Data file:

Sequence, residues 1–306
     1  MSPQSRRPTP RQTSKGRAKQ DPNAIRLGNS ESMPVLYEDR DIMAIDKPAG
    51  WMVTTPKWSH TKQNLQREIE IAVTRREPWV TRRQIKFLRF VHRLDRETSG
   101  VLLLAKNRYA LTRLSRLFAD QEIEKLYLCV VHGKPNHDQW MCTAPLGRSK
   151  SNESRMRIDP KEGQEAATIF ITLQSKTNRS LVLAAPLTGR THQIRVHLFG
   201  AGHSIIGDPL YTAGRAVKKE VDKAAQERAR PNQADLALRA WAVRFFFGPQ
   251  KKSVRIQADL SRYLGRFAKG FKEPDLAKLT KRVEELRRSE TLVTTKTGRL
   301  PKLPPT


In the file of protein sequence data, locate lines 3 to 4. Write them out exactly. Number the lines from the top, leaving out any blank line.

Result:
    51  WMVTTPKWSH TKQNLQREIE IAVTRREPWV TRRQIKFLRF VHRLDRETSG
   101  VLLLAKNRYA LTRLSRLFAD QEIEKLYLCV VHGKPNHDQW MCTAPLGRSK